PHILADELPHIA – Mayor Kenney today delivered to Philadelphia City Council the Fiscal Year 2019 operating budget, capital program and Five Year Plan that propose vital new investments in the City’s public schools, police and fire departments, and infrastructure.

A primary focus of the spending plan is the proposal for a historic investment in the Philadelphia School District. This investment will provide financial stability for the District over the next five years so our students and our schools can continue building on the real progress they’ve made in recent years.

“Philadelphia’s graduation rate is the highest it’s been in more than a decade, and our 3rd grade reading scores have surpassed statewide gains,” said Mayor Kenney. “We can’t turn back–we must build on this momentum.”

“With these investments, we will expect to see continued progress each year, with more students reading on grade level, graduating, and successfully transitioning into college and careers. Neighborhoods will flourish around a growing number of successful schools. Families will know they have quality educational options for their kids, and businesses will know their future workers are getting the training and skills they need to succeed.”

Ensuring the financial stability of our schools will enable the City to push forward with the School District’s Action Plan 3.0 — a plan that has generated early successes in literacy, college and career readiness, and staffing. It will also bring vital new investments, including:

  • Increasing early literacy: Specialized reading coaches for every elementary school, and expanding the focus on early literacy into grades 4 and 5.
  • College and career readiness: Expanded and improved CTE programs, apprenticeship programs, IT internships and other high school pathways opportunities. Expanded college access through advanced placement courses, free SAT testing, and a middle-college program where high school students can earn an associate’s degree; More opportunities for more student to have career exposure and work experiences in summer and year-round. Additional 9th grade academies that provide academic supports and counseling and reduce the risk of dropping out.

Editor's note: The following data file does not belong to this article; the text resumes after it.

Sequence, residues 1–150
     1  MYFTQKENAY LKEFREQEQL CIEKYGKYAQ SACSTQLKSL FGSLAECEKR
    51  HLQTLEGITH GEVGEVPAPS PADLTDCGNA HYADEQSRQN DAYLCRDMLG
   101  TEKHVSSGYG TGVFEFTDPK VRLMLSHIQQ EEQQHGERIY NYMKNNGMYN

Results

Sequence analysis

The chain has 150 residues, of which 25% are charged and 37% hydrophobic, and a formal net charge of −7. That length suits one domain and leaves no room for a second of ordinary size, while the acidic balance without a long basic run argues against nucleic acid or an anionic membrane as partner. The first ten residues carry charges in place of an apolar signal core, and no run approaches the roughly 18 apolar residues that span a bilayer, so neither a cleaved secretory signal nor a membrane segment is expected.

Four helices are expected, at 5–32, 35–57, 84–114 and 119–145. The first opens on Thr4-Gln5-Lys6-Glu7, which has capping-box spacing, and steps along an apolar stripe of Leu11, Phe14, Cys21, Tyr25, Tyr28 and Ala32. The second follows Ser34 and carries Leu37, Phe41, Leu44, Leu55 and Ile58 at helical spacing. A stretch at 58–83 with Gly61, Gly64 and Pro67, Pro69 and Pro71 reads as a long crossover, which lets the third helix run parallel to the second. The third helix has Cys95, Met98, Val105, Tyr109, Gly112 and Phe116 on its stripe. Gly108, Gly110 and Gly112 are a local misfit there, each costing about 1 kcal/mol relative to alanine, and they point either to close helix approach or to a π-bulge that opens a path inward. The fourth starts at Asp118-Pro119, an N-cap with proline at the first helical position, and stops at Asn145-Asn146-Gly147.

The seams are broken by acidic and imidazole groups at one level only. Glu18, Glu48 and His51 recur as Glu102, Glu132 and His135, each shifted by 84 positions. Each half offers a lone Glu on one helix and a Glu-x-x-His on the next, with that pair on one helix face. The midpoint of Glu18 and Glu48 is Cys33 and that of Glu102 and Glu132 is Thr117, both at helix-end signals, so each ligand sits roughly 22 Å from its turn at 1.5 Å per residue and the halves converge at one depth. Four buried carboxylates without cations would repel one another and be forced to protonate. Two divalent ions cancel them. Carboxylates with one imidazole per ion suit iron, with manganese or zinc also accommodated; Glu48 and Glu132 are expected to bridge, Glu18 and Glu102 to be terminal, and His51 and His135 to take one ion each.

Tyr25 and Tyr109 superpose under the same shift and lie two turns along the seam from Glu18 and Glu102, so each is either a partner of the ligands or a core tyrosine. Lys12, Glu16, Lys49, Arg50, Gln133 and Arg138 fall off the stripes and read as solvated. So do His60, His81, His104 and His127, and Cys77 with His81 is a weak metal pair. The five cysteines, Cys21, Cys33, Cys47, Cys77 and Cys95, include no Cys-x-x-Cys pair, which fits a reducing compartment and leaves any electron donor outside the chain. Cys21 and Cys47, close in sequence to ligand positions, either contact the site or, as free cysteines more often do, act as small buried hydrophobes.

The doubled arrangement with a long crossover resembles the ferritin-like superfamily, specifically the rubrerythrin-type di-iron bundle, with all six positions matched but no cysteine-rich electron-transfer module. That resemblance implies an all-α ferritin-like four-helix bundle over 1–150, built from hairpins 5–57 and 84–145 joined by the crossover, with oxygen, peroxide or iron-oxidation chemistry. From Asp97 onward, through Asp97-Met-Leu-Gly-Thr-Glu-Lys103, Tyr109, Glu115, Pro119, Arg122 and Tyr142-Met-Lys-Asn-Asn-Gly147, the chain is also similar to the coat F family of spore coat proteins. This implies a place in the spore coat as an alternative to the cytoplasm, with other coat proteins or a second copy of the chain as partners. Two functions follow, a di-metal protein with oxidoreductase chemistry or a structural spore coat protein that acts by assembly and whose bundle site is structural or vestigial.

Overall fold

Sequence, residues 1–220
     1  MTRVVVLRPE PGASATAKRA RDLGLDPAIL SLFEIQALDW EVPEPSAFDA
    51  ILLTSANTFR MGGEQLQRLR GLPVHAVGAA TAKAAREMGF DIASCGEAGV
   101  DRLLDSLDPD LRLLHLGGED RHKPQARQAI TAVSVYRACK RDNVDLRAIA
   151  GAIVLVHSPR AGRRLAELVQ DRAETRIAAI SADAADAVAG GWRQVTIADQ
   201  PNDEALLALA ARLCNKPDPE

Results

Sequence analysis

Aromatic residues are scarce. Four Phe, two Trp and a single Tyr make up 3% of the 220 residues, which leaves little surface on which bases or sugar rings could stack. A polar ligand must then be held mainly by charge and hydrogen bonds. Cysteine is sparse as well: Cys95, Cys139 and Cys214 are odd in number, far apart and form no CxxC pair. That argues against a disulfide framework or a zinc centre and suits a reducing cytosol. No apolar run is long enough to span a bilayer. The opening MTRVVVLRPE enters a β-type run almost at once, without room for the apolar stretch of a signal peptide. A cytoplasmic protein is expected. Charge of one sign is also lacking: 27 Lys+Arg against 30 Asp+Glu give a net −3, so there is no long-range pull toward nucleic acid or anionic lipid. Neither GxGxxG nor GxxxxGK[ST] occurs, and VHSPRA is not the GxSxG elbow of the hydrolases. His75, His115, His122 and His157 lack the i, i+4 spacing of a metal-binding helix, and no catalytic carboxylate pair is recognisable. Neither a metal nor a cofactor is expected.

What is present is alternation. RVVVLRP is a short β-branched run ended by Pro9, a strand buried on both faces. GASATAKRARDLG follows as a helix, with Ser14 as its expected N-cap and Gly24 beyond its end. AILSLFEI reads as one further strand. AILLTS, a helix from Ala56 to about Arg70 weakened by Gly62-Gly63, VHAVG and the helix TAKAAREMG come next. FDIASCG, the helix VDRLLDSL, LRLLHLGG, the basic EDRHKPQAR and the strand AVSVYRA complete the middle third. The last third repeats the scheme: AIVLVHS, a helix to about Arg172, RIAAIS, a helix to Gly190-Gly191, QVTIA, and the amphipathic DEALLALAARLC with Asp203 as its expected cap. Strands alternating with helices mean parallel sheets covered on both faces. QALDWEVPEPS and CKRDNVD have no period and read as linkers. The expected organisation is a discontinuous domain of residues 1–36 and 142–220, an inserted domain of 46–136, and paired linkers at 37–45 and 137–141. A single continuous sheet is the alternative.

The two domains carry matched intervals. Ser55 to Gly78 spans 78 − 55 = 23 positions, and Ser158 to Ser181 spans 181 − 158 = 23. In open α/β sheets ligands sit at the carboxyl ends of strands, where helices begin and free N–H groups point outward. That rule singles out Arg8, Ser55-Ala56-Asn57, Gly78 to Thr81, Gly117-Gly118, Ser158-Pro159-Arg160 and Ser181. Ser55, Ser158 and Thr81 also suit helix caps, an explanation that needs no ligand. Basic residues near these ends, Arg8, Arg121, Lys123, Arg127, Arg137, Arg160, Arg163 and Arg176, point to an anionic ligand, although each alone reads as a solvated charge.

• Creating safe and welcoming environments: School climate investments to enhance positive and safe school cultures. Capital improvements, including upgraded elementary classrooms, to address our schools’ many physical building needs.
  • Bilingual supports: More bilingual counseling assistants to provide bilingual services and support to families and additional ELL teachers to ensure students are acquiring needed English language skills
  • High quality instruction: Supports for teachers including training for high school teachers to increase student achievement and engagement and funding to continue efforts to increase the diversity and quality of our teaching workforce.

To ensure the stability of the school system, the Mayor proposed that the City turn to its own general fund to increase its annual contribution to the District by $20 million annually, totalling an additional $100 million over five years.  He also proposes to reduce the amount of planned wage tax rate reductions, and to use the savings from the lower rate of reductions to increase the District’s contribution by almost $340 million over five years.

The Administration further proposes to increase the Real Estate Transfer tax to generate an additional $66 million, as well as increase the Property tax by 6% to generate an additional $475 million.  This roughly $980 million package is proposed to ensure that Philadelphia’s students have the resources to thrive.

“I know for many residents, this will be a sacrifice. I vow to work with City Council to protect low-income homeowners,” said the Mayor. “We will expand housing counseling and outreach with $2.5 million in foreclosure prevention programs.  We will boost funding to the Philadelphia Land Bank by nearly $4 million.  And we’ll expand the Homestead exemption in light of growing home values.”

For the average residential property owner, the proposed property tax increase would mean an additional $95 a year.  If they are enrolled in the Homestead Exemption program at its current level, it works out to an additional $70 year – or less than 6 dollars a month.